In this retrospective observational study, we compared HRM parameters in pathological GERD, RH, and FH as well as in patients with inconclusive evidence of GERD. Our results show, for the first time, that both pathologic GERD and inconclusive GERD phenotypes are characterized by similar EGJ metrics and morphology. Additionally, we report that both pathologic GERD and inconclusive GERD are associated with higher numbers of reflux episodes, lower mean MNBI values, and a higher proportion of patients with pathologic MNBI compared to FH, with the only distinction between pathologic and inconclusive GERD being the AET value. We describe characteristics within inconclusive GERD that associate with abnormal HRM metrics, including > 80 reflux episodes on MII-pH recordings. We conclude that a significant proportion of inconclusive GERD potentially represents pathologic GERD, and thus, the HRM findings supporting GERD pathophysiology add confidence in the presence of pathologic GERD. This is relevant, as patients with GERD undergoing catheter-based reflux monitoring typically undergo HRM studies for LES localization, and proton pump inhibitor non-responders undergo HRM studies are evaluated for achalasia, motor disorders, and behavioral syndromes; therefore HRM information is available to be analyzed and interpreted in these patients. Our findings support extracting HRM metrics relevant to GERD in this context, since these may provide additional GERD evidence as suggested by the Lyon consensus.

We selected a large cohort of patients with dominant esophageal symptoms being evaluated to document reflux evidence. Patients enrollment was symptom-based, to emulate the real world setting. Our findings are in agreement with a recent study by Rengarajan et al10 who showed that when low, MNBI is able to identify patients with pathologic and borderline AET who respond to antireflux therapy. Moreover, our results confirm that MNBI is able to increase the diagnostic yield of MII-pH monitoring in patients with reflux disease and negatively correlates with AET.37-39 Our results concerning DCI are in keeping with previously published data, demonstrating that the vigor of the peristalsis during multiple rapid swallows, measured using DCI, inversely correlates with AET in patients with pathological GERD.40 This finding sustains the hypothesis, in keeping with previous studies,17-19 that lower peristaltic vigor correlates with higher reflux burden, as observed in patients with pathological GERD.

We demonstrate that pathologic GERD and inconclusive GERD phenotypes are characterized by similar EGJ metrics and morphology. Patients with > 80 reflux episodes in the context of inconclusive GERD had similar proportions with abnormal EGJ morphology and pathologic EGJ-CI compared to pathologic GERD. Several published reports demonstrate that abnormal EGJ metrics and presence of hiatal hernia at HRM are associated with increased reflux burden.13-16 Similarly, low EGJ-CI is associated with abnormal total and supine acid burden,14 as well as a higher probability of positive MII-pH monitoring compared to normal EGJ morphology; further, both EGJ morphology and EGJ-CI independently predict esophageal reflux burden.15 Additionally, esophageal body hypomotility features also were similar between pathologic and inconclusive GERD, with similar high proportions of IEM and fragmented peristalsis. Therefore, based on a similar pattern of EGJ morphology, EGJ tone, and esophageal body hypomotility features, inconclusive GERD with > 80 reflux episodes is phenotypically similar to pathologic GERD.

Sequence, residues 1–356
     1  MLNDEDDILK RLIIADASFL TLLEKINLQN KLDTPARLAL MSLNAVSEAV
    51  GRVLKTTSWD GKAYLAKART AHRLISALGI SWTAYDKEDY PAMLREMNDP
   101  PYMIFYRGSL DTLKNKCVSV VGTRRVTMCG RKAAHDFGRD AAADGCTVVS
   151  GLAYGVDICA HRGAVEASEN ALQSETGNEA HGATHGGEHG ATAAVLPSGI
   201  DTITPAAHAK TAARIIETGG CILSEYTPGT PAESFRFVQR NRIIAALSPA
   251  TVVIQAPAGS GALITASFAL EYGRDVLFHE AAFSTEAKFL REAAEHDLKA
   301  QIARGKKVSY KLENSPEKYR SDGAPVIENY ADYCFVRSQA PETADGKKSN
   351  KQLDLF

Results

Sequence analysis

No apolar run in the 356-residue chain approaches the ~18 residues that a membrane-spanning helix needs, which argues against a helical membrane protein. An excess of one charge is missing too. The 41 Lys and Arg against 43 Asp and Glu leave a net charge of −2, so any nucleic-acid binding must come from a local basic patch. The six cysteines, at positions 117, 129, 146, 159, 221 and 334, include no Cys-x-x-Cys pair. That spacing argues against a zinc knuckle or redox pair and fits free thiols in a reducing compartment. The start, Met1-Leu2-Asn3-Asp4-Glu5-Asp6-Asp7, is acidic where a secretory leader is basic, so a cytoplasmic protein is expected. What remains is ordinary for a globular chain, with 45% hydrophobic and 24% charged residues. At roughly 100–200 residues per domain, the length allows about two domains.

Our findings suggest that pathologic GERD and inconclusive GERD with > 80 reflux episodes share motor abnormalities that may work in synergy with EGJ disruption or dysfunction. In particular, while EGJ disruption or dysfunction is a primary pathophysiologic factor in determining reflux occurrence, esophageal body motor function influences duration of contact of the refluxate with the esophageal mucosa, accounting for delayed bolus transit and reduced esophageal reflux clearance in patients with GERD.17 It has been shown that the presence of large breaks in esophageal peristaltic integrity on HRM is associated with significantly prolonged supine reflux clearance, higher acid exposure time, and erosive esophagitis.19 Large breaks are often identified in the context of suspected GERD-related chronic cough, the presence of which can be associated with suboptimal benefit from antireflux therapy.20,21 It has been recently demonstrated that fragmented and failed swallows are correlated with abnormal reflux burden better than weak swallows.14 Finally, disruption of the EGJ and absent contractility on HRM are both associated with lower MNBI values.41

It is conceivable to speculate that pathological GERD and inconclusive GERD patients, in particular those with > 80 refluxes during MII-pH monitoring, share similar mechanisms of reflux occurrence. In these patients, the presence of abnormal number of reflux episodes or of pathologic AET may be related to impaired EGJ function or esophageal peristalsis. It is well known that the degree of the reflux burden depends also on several other factors not evaluated in the present study, ie, the saliva buffer function or the rate and duration of transient LES relaxation. Therefore we think that motor findings, observed at HRM, interplay with other mechanisms in determining the reflux burden.